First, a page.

Ms Anderson:

I am impressed by the amount of £12 million, which you said that Belfast has been able to gain since 2004. You said that you have responded to the report of the task force, and we have noted that the seventh framework programme could result in universities securing money for research. That is particularly relevant to Belfast, given that it has two universities.

We also note the PROGRESS programme, which is about employability and social solidarity and to which £743 million is allocated. The Department for Employment and Learning (DEL) is the lead Department for that programme, but it is not included in its action plan. Have you raised those kinds of concerns? Do you lobby Ministers in order to raise potential opportunities that should be maximised? You would look at opportunities for Belfast, and we would look across the North.

Ms Leonard:

We engage with most Departments. We have not started to look at the PROGRESS programme yet, but that is on our list of things to do. We have held targeted information sessions for the universities and for small and medium-sized enterprises (SMEs) on the seventh framework programme. Businesses can really benefit from that programme this time around. Yesterday, I was in Brussels, and they were talking about 100% funding for businesses under that programme. In the current climate, that is a real opportunity.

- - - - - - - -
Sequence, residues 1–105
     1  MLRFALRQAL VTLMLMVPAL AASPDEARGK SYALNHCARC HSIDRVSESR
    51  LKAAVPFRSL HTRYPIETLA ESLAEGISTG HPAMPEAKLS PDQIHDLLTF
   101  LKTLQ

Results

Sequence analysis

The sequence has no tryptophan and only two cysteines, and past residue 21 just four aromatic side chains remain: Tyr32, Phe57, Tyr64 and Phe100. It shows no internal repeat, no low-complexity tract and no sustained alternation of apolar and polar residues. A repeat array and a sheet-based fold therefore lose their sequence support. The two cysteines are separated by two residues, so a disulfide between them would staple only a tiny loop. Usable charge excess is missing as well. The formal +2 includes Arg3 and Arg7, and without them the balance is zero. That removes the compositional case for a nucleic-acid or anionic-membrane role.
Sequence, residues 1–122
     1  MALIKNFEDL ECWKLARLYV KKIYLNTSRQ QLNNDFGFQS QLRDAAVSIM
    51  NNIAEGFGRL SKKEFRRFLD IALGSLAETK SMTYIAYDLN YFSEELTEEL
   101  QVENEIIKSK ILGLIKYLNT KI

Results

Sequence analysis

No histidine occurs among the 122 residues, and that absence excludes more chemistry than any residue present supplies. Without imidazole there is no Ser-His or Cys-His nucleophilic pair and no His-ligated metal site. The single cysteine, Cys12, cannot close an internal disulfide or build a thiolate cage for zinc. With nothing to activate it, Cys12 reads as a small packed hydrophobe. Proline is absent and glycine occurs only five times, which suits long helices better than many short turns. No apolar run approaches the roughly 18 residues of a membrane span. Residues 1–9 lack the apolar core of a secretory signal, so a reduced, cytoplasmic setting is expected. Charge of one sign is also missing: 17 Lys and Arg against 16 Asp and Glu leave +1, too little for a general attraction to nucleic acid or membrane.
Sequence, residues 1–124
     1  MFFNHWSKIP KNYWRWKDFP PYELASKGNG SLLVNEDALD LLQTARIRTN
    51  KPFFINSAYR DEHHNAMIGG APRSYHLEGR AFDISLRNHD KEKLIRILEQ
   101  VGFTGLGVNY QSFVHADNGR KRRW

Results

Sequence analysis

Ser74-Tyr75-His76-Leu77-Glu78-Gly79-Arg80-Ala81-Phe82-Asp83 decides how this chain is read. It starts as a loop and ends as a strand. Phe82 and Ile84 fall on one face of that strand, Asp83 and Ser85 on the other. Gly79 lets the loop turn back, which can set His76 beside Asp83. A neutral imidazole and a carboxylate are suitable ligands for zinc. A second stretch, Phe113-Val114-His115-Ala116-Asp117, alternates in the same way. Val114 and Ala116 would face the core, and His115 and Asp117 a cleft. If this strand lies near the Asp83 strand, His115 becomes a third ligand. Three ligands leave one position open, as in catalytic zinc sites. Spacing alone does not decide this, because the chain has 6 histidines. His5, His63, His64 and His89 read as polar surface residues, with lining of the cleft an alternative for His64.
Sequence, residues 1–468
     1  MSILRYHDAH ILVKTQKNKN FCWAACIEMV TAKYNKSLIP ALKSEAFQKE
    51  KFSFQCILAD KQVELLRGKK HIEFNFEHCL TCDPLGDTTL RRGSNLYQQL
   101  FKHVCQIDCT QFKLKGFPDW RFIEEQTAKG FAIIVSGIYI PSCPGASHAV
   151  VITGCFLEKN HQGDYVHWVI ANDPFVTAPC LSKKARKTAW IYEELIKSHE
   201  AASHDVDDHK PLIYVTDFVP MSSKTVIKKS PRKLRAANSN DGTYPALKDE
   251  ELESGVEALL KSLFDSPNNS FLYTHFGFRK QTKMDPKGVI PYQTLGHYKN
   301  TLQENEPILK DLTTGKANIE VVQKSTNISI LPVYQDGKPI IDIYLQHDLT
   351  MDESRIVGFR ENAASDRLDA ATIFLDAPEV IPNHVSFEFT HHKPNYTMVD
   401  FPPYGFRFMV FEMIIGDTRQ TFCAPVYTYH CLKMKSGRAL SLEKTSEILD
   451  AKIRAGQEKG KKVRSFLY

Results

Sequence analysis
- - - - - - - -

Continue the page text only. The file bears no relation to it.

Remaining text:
We work with DEL through the European social fund (ESF) moneys that it delivers, and we work with the Department of Enterprise, Trade and Investment (DETI) through the European regional development fund (ERDF). For the last year and a half, we have been lobbying the Department for Social Development (DSD) and DETI to embrace the joint European resources for micro to medium enterprises (JEREMIE) funding, which is a new financial instrument for small businesses through the European Investment Bank’s loan system, and the joint European support for sustainable investment in city areas (JESSICA) funding, which is a new initiative for urban redevelopment. That is potentially exciting for Northern Ireland, given that there is such a strain on resources. On a project-by-project basis, we engage with Departments.